AFBF’s Boatright: H-2A Becoming More Difficult to Utilize Over Time

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By Clint Thompson

The future of the H-2A program rests with legislative reform. Specialty crop interest groups have lobbied for changes to the program for years. The fight continues.

H-2A program

Groups like the American Farm Bureau Federation (AFBF) continue to educate legislative leaders about the importance of reform to the sustainability of farming operations across the country.

John Walt Boatright, director of government affairs with American Farm Bureau, discussed the situation during the recent Florida Agricultural Policy Outlook Conference, hosted by the University of Florida Institute of Food and Agricultural Sciences Food and Resource Economics Department.

“A lot of folks we talk with on Capitol Hill will say, that doesn’t seem to be stopping producers from utilizing the program. Our response as an advocacy organization representing farmers and ranchers is that for many of these folks, it’s a program of last resort,” Boatright said. “It’s either they use this program, or they don’t have a labor force to be able to plant, harvest and maintain and take care of their crop.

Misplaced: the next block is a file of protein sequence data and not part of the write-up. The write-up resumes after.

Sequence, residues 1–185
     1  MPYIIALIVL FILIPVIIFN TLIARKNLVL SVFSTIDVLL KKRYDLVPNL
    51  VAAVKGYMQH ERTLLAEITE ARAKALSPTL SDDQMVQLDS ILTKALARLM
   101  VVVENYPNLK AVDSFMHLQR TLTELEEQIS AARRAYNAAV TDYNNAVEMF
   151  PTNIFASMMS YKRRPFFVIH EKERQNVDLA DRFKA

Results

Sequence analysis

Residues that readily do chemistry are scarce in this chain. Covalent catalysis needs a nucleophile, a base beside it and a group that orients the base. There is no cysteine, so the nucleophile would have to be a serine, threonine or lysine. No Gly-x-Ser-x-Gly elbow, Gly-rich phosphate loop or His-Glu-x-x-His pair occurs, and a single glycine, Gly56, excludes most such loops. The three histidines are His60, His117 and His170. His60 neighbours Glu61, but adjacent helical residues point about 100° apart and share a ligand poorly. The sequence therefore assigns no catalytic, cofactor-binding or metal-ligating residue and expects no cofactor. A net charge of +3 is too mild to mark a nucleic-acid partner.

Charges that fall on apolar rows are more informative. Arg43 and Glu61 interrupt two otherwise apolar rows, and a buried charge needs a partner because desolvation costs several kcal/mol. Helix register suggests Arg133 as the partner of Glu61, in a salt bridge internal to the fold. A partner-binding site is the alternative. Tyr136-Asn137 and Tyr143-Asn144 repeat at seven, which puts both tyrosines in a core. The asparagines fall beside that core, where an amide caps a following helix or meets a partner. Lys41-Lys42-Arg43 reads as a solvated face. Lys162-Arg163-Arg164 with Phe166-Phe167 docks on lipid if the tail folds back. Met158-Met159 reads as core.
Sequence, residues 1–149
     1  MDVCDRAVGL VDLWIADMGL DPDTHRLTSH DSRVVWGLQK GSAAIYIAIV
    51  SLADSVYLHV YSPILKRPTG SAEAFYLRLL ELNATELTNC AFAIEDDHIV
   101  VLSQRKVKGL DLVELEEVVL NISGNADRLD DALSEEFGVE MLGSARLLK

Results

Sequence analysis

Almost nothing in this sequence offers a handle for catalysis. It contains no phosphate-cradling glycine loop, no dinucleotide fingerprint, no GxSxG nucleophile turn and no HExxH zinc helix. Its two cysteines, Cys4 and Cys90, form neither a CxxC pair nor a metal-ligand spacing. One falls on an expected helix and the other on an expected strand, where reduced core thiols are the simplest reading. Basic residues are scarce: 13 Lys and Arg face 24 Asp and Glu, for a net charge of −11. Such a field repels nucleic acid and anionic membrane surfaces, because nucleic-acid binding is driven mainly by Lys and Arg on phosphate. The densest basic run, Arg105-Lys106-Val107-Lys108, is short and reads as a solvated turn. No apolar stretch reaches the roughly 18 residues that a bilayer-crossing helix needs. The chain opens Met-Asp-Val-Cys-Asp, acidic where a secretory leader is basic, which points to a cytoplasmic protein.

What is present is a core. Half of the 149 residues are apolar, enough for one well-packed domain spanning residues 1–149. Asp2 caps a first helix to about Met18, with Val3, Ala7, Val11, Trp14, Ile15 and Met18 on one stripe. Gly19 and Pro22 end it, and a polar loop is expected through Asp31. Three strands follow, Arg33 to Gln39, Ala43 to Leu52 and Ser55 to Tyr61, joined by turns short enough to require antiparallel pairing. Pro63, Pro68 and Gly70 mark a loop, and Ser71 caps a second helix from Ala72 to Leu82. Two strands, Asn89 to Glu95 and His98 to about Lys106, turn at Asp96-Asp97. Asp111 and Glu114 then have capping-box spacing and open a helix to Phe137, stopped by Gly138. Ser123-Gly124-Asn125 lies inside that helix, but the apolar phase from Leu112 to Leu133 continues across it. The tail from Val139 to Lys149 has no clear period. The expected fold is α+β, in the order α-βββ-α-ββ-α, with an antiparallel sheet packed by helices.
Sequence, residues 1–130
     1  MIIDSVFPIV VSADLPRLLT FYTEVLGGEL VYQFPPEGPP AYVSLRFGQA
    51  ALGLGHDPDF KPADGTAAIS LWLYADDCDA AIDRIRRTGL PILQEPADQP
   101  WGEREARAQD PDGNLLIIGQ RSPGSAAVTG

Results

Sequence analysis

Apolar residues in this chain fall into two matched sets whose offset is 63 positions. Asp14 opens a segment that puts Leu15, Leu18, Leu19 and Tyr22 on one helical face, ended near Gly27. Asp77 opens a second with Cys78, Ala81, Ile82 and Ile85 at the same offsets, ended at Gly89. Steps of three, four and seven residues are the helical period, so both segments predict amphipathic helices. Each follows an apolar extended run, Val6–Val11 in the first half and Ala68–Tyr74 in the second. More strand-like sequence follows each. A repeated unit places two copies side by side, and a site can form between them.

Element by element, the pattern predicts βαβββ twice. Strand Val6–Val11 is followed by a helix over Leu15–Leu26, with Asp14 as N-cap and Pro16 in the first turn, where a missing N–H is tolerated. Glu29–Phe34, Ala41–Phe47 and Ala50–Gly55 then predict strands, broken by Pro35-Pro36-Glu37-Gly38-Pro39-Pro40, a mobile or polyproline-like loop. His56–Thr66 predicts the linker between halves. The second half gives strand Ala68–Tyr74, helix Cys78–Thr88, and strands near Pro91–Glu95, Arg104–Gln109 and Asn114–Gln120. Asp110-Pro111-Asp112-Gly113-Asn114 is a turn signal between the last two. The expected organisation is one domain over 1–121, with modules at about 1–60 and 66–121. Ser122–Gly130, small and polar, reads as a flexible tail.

“Many of these folks are using this H-2A program because of a diminishing domestic workforce that no longer has an interest in doing this type of work. That’s the explanations that we have to continue relaying to members of Congress and folks who are new to this discussion. The H-2A program, while we’re grateful that we have it, is becoming increasingly more difficult to utilize over time.”

Its difficulty is mostly attributed to the spike in the Adverse Effect Wage Rate (AEWR). The average rate for 2023 is $16.62; $14.33 in Florida and $13.67 in Alabama, Georgia and South Carolina. Florida received a 15% increase in the rate this year, while other southeastern states were at 14%

The rate’s inexplicable meteoric rise was made worse following the release of the final rule concerning the methodology of the program. The methodology was met with resistance by specialty crop groups, as it further raises labor costs beyond the annual AEWR increases while presenting disaggregated, higher wages for certain job occupations, according to AFBF.